Spring rains have brought the spring flowers and the flow is on. Summer is fast approaching, and the Tallow flow is next in line. Swarms have been hived. Colonies have been split. Queens have been raised and introduced to their new families. Honey supers are on and some harvesting has begun. There was a good privet and clover bloom but cool nights hurt the daytime nectar flows. The rains have slowed down, temperatures are rising and the work in the apiary goes on. Here’s to a safe and plentiful harvest for all. And if it does not happen, well there is always next year.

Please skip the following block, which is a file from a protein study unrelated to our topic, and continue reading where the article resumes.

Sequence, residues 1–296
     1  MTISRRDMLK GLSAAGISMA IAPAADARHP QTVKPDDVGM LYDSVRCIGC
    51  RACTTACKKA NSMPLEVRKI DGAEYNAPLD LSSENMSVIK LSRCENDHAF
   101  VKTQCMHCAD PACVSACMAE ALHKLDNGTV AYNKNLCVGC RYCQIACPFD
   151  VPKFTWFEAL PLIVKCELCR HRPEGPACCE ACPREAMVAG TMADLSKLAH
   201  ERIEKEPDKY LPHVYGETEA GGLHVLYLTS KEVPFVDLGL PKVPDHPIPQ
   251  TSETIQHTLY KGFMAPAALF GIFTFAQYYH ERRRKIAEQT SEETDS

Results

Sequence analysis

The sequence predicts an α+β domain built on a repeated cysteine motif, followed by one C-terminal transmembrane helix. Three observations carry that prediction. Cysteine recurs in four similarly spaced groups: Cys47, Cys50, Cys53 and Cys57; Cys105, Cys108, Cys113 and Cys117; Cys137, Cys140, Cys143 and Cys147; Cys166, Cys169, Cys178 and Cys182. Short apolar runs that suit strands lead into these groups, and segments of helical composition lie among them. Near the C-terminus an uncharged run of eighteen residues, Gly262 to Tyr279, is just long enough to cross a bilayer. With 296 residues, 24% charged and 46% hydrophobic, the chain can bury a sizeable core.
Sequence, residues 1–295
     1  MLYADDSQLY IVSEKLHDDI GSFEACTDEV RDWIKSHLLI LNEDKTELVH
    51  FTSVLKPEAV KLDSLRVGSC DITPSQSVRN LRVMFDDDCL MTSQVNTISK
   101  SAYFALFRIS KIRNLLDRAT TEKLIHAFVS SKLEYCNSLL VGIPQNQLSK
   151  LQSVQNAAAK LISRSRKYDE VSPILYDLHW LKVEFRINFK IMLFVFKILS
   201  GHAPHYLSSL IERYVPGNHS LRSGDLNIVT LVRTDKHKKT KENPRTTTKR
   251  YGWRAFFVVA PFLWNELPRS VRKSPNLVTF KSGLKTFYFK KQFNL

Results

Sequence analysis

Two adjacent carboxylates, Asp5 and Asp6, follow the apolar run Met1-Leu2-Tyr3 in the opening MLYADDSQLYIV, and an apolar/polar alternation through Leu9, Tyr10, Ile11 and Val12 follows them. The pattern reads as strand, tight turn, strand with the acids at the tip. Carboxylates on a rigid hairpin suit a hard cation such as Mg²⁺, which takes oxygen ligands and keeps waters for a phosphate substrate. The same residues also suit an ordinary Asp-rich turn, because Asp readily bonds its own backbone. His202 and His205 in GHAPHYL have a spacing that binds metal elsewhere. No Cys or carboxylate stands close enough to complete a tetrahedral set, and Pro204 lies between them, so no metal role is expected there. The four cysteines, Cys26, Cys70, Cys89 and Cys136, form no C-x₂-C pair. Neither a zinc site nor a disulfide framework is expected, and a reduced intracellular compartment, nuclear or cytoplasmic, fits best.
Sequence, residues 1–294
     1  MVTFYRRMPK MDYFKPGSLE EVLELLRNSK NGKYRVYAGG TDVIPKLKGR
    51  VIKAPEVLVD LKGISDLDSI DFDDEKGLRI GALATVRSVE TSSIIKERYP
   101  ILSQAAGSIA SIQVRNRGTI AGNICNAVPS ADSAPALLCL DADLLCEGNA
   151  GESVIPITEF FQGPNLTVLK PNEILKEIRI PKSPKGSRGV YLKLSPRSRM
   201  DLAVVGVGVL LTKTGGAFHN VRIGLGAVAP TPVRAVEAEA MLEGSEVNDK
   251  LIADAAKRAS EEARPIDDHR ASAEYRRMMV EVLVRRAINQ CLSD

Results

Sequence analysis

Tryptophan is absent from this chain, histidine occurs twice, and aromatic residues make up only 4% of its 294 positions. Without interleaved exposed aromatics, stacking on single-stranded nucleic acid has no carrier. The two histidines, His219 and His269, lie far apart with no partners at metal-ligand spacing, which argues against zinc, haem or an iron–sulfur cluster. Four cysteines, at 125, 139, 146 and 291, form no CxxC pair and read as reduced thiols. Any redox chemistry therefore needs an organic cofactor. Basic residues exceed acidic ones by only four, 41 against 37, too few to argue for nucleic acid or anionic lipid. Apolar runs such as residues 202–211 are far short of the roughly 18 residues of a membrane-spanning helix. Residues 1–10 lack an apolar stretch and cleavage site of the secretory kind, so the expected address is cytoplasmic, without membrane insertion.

As of May 20, 2018 I’m not too impressed with the nectar harvesting being carried out by my bees. It looked to be a good year back in March but with April I had my doubts. Lots of swarm captures and cut-outs and the splits and nucs I’d made did well. I’ve three hives at the home yard that I use to make splits and nucs and they are also doing well. But the hives in the two yards in the field just aren’t laying down the additional supers I’d hoped for. The disparity between new queens and old queens from last fall’s replacements don’t seem to show much difference in nectar returns. I’m about to retire four of them where the new queens just didn’t take hold or the old queens are failing. I often pull the old darker brood frames in such hives replace them with new foundation/frames. I carry out this procedure in the spring and fall months rather than limp through the summer or winter with weaker hives. It is easier to replace them with younger stronger hives. This is where I utilize the nucs I’d made earlier in the spring.